There are those moments when the world seems to stop on its axis. When the very air you breathe is sucked out of the room.
In a room full of people, I knelt face to face with one. She spoke in Kreyol and I fumbled to understand. Fumbling didn’t help. There is nothing in Kreyol that registers with my synapses – lips move, vocal cords utter and I stand blank as an empty sheet of paper. Yet, her eyes were speaking with a want and intensity that I could not deny.
I called Wilson, our very capable interpreter, over to help break this barrier of language and he did. With a somewhat hesitant pause, he relayed words that cut me to my very core - "mwen grangou - I am hungry".
At that very moment, my God took on the appearance of a little Haitian girl and spoke Kreyol to the very core of my soul. As I stood there it was as if the words of Matthew 25:35-40 came alive in full Technicolor.
For I was hungry and you gave me something to eat. I was thirsty and you gave me something to drink. I was a stranger and you invited me in. I needed clothes and you clothed me. I was sick and you looked after me. I was in prison and you came to visit me. Then the righteous will answer him, “Lord when did we see you hungry and feed you, or thirsty and give you something to drink? When did we see you a stranger and invite you in, or needing clothes and clothed you? When did we see you sick or in prison and go to visit you?” The King will reply, “I tell you the truth, whatever you did for one of the least of these brothers of mine, you did for me.”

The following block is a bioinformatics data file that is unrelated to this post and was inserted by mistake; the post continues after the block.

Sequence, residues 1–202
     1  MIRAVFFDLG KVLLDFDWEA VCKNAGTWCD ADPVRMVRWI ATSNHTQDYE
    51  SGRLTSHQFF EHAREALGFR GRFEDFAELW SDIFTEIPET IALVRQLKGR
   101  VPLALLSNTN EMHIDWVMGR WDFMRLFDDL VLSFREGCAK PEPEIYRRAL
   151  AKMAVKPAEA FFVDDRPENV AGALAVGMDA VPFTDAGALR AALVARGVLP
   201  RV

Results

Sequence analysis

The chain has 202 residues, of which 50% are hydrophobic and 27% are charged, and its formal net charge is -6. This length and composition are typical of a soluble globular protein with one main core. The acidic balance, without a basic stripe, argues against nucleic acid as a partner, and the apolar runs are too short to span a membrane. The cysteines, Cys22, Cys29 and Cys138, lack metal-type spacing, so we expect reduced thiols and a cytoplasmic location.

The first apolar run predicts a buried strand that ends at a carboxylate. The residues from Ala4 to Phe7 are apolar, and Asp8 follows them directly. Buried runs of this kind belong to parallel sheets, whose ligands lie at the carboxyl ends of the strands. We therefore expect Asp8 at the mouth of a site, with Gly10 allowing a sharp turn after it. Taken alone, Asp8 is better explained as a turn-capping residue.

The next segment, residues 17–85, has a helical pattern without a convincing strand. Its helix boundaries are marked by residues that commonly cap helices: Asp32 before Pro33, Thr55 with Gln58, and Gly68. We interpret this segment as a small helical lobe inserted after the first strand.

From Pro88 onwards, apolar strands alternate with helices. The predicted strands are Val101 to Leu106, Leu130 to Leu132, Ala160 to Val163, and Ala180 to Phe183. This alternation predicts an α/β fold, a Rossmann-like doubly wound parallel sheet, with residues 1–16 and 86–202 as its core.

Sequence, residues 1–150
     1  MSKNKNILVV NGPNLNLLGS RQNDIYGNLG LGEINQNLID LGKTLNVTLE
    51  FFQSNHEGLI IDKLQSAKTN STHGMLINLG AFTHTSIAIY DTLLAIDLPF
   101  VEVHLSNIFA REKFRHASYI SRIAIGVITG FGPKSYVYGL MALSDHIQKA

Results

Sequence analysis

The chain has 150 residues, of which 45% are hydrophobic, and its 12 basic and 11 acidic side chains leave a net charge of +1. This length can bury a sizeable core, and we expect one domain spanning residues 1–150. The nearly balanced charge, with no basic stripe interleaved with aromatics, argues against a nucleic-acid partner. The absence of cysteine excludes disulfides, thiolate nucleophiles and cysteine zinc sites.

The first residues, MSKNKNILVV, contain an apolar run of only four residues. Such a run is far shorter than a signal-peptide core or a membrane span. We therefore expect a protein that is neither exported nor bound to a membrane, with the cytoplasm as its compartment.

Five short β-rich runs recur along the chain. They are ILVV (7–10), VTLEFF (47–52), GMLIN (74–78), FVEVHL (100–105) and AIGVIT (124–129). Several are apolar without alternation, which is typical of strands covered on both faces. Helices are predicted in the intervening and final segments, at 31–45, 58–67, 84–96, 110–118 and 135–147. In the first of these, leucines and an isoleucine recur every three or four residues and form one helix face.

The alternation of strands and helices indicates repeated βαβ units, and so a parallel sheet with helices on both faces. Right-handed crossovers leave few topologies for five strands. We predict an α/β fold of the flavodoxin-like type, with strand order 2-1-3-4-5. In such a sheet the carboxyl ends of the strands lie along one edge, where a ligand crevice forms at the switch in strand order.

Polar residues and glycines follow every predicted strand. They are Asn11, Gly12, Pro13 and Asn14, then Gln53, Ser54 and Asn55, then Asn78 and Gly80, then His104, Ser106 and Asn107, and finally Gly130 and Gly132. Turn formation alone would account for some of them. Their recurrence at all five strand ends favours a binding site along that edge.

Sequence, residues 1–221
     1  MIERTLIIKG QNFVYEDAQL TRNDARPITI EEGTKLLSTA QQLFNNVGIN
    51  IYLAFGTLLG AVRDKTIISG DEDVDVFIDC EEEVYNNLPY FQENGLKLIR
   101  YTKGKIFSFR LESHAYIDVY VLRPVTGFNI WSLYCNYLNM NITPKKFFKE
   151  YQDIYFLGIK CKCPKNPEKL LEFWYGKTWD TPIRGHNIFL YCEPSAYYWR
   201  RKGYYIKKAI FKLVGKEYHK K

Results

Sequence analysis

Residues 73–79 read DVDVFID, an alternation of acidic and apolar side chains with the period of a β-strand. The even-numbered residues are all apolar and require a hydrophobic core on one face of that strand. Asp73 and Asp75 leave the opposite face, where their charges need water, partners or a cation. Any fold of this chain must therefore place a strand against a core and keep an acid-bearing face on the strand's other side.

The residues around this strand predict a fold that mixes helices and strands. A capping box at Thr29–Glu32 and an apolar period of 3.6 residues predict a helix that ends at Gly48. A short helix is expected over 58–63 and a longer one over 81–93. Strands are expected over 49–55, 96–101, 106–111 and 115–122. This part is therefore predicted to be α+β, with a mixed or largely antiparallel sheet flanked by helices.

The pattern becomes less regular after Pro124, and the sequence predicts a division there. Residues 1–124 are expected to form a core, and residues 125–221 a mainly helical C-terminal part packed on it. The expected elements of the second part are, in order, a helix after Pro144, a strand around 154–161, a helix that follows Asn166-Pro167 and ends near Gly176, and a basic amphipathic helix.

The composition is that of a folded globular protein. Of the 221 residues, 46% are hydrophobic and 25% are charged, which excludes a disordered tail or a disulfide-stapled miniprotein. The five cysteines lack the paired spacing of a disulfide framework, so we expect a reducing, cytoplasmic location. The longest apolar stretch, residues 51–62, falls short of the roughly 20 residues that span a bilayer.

The brutal reality is what small attempt I may have done to appease this little one’s need, is but a drop in the ocean of her life - a fleeting instant that will soon be followed by many more “mwen grangou” utterances. The need in Haiti is overwhelming – physical, emotional, spiritual. It is hard to reconcile my abundance with their want.
What was once printed on paper or flashed upon a TV screen, has become flesh and blood to me. It was easier when I could turn the page or change the channel, easier for me, not for them. What is in my heart now cannot be so easily forgotten or ignored.
I have heard the cry with my own ears. I have hugged the need with my own arms. I have looked the distress face to face. I can’t turn away.
That is where I am right now - unable to turn away and wondering where to go next.
© A Sacred Longing 2009-2010